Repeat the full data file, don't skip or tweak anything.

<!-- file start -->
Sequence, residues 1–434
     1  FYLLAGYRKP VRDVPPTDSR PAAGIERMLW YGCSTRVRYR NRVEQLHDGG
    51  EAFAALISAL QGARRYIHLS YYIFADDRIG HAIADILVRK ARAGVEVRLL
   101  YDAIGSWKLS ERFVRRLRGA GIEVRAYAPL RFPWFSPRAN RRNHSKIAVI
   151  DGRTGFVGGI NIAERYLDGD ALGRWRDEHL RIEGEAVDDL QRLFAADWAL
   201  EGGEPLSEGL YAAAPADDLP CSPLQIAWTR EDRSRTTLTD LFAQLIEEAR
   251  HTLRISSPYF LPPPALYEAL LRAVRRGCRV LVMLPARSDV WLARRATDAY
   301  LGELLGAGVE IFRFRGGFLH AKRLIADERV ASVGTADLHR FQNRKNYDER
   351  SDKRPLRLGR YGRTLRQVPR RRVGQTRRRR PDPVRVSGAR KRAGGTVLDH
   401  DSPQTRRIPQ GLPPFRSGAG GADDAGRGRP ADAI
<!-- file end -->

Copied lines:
Sequence, residues 1–434
     1  FYLLAGYRKP VRDVPPTDSR PAAGIERMLW YGCSTRVRYR NRVEQLHDGG
    51  EAFAALISAL QGARRYIHLS YYIFADDRIG HAIADILVRK ARAGVEVRLL
   101  YDAIGSWKLS ERFVRRLRGA GIEVRAYAPL RFPWFSPRAN RRNHSKIAVI
   151  DGRTGFVGGI NIAERYLDGD ALGRWRDEHL RIEGEAVDDL QRLFAADWAL
   201  EGGEPLSEGL YAAAPADDLP CSPLQIAWTR EDRSRTTLTD LFAQLIEEAR
   251  HTLRISSPYF LPPPALYEAL LRAVRRGCRV LVMLPARSDV WLARRATDAY
   301  LGELLGAGVE IFRFRGGFLH AKRLIADERV ASVGTADLHR FQNRKNYDER
   351  SDKRPLRLGR YGRTLRQVPR RRVGQTRRRR PDPVRVSGAR KRAGGTVLDH
   401  DSPQTRRIPQ GLPPFRSGAG GADDAGRGRP ADAI